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Shomeret
Oct 31, 2014 rated it really liked it

Ethiopia in the 1930's was no utopia. There was a nightmare at the heart of Ethiopian society from which it had yet to awaken. Teen protagonist Teo was caught up in that nightmare. He was trained to be a pilot and became quite accomplished. When he was sixteen his life took a terrible turn. I wept for Teo. His deceased mother wouldn't have even considered bringing Teo to Ethiopia if it had occurred to her that such a thing could happen to him.

I was captured by the originality and intensity of
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Abby Johnson
Mar 31, 2015 rated it it was ok
Ugggh, I so wanted to like this one but it was just not my cup of tea. I will say that it was interesting to see a World War II story set in Ethiopia since I know absolutely nothing about Ethiopia and the war with Italy, so that was completely new to me. I just felt like there were long stretches where nothing much was happening and eventually I just didn't care enough to even finish it. I didn't like the format of the story, told through ridiculously detailed flight logs and short stories that ...more
April
The audiobook of Black Dove, White Raven was incredible. It is worth listening to over physically reading Read my full review hereReview goes live 7/25/16
Dianne
Feb 15, 2015 rated it it was amazing
Shelves: arc-read, netgalley, own, ya
Prepare to go back in time to the 1930’s, when being a pilot was strictly a man’s world, and two women defied the gender and race barriers to become a dynamic duo in the heavens with their daredevil feats. One horrendous day, it all changed, two went up and only one came away alive in a freak crash that killed one of the finest pilots ever.

With Teo’s mother dead, Rhoda takes him in, determined he will live the life his mother wanted for him. Together with Emilia, her daughter, Rhoda journeys acr
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Nicole
As seen on The Quiet Concert

Black Dove, White Raven was a change of pace from Wein's two previous* novels, but I found it to be just as impactful, in its own way.

BDWR is the story of Em and Teo and their adventures together. They are inseparable because their mothers were inseparable, until a freak plane crash took Teo's mother, Delia, from them all. After Em's mother, Rhoda, pieces herself back together, she moves Em and Teo to Ethiopia, the birthplace of Teo's father and a place where her chil
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Amy
Feb 05, 2015 rated it liked it
Emilia and Teo are the children of stunt flier duo Black Dove and White Raven – Teo’s mother Delia is Black Dove, and Emilia’s mother Rhoda is White Raven. After experiencing the racism of the American south in the 1930s, Delia dreams of moving Teo to Ethiopia, his father’s homeland, where he could have a chance to live without prejudice. When Delia is tragically killed in a flight accident, Rhoda carries on Delia’s dream and moves them to Ethiopia to live on a coffee cooperative and fly for a l ...more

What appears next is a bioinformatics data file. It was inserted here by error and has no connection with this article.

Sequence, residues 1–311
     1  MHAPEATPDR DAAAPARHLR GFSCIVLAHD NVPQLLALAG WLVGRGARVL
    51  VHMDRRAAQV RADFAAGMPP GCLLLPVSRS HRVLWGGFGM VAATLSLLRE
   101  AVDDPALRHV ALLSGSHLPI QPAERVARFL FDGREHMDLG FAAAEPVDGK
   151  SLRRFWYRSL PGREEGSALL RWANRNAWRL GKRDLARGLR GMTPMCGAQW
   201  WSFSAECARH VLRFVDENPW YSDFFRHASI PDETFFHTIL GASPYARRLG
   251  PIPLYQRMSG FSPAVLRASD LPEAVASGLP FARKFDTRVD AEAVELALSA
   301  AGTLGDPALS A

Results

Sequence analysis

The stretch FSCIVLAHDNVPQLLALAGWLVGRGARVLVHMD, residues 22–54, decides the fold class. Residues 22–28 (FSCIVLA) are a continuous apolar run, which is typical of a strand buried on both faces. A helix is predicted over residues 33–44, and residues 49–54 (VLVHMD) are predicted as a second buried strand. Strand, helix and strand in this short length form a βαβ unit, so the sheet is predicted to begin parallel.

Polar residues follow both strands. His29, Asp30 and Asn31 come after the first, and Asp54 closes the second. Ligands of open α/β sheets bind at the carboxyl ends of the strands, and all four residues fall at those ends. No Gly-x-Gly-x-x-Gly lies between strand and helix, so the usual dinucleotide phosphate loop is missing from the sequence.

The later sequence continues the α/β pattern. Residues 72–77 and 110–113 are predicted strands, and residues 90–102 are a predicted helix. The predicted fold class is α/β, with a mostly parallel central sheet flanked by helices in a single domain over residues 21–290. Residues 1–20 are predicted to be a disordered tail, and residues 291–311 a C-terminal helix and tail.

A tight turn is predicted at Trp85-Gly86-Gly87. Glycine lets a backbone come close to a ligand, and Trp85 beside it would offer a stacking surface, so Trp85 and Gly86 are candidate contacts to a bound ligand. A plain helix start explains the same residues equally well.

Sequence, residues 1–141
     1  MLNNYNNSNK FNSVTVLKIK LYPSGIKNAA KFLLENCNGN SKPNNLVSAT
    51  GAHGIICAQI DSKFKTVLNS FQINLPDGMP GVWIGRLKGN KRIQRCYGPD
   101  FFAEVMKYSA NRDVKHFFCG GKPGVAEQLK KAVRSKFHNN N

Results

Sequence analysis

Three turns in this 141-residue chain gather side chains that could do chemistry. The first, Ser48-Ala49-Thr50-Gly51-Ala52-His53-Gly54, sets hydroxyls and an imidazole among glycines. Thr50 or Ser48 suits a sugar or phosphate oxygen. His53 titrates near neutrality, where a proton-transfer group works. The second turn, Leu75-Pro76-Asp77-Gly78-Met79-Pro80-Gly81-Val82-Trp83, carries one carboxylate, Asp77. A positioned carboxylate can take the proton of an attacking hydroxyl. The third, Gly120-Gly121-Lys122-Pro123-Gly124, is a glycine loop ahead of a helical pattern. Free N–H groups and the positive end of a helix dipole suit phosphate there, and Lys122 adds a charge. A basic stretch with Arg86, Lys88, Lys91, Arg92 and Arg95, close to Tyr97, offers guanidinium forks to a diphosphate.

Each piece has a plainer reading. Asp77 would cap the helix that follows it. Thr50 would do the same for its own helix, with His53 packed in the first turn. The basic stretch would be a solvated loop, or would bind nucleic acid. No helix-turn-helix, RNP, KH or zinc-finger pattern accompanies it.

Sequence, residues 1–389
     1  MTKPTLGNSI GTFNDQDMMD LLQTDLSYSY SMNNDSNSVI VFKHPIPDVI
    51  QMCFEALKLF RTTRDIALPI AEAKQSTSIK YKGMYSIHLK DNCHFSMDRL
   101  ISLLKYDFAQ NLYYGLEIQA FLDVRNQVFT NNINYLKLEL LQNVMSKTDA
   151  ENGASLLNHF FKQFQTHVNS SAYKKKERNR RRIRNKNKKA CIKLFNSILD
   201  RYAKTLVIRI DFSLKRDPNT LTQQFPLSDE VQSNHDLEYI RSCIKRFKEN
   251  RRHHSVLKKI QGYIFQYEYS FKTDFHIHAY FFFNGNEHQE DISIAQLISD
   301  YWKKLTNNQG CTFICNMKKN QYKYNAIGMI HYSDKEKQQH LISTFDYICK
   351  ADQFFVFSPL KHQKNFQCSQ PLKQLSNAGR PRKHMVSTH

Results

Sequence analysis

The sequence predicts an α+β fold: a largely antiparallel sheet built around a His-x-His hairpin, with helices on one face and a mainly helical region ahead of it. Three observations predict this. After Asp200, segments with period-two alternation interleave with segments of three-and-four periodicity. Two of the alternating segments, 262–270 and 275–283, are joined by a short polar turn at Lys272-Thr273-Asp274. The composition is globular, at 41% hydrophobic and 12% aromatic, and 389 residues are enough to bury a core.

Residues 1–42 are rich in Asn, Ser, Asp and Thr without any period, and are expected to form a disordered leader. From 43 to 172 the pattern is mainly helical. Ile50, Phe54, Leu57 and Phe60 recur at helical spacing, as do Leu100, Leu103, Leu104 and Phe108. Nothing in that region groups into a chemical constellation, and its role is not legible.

Marie
Dec 22, 2014 rated it it was amazing
(Thanks to Netgalley for the chance to read the ARC!)

Elizabeth Wein books are the hardest books to review, because no words seem *good* enough to talk about her extraordinary characters, plots, or writing.

I read this solely on the strength of the author's previous works. The 20s & 30s are not "my" era. I have no particular interest in Ethiopia. On the surface, the plot as described in blurbs (stunt pilot friends, one black and one white, each have a child. One mother dies, the other attemp
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Samantha
Jun 14, 2014 marked it as to-read
WHY DID NO ONE TELL ME THIS WAS COMING OUT???

I am in a funk about the book community's silence. I NEEDED TO KNOW THIS WAS IN EXISTENCE, LIKE, SIX MONTHS AGO SO I COULD RANT ABOUT HOW MUCH I WANTED TO READ IT!

Pweeze, Elizabeth Wein, pweeze can I have it now?

Curse you, cruel release dates!!
Elena
Feb 22, 2015 rated it it was amazing
This is the first book by Elizabeth Wein I've read, but CERTAINLY not the last! SO great.
Aj Sterkel
May 28, 2017 rated it liked it
Shelves: young-adult
When Goodreads told me that there was a historical fiction book set in 1930s Ethiopia, I knew I needed it. When I found out that it was written by the same author who wrote Code Name Verity, I knew that I needed it immediately.

If you’re looking for a story with strong female characters, check this one out. It starts with two female stunt pilots, Rhoda and Delia, who may be closeted lesbians, but their relationship isn’t completely clear. (It is the 1930s, after all.) They run an air show called
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Rich in Color
Nov 02, 2014 rated it really liked it
Shelves: historical
Review copy: ARC via publisher

After reading Code Name Verity and Rose Under Fire this book was automatically placed on my “Must Read” list. Elizabeth Wein has a way with historical fiction. This new addition to her Young Pilots Series centers around Ethiopia and its relations with Italy prior to World War II. I knew that Africa was part of the war, but that wasn’t a focus in my American history classes, so much of the politics and intrigue were new to me. Wein weaves in the history so readers ar
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Sarah Laurence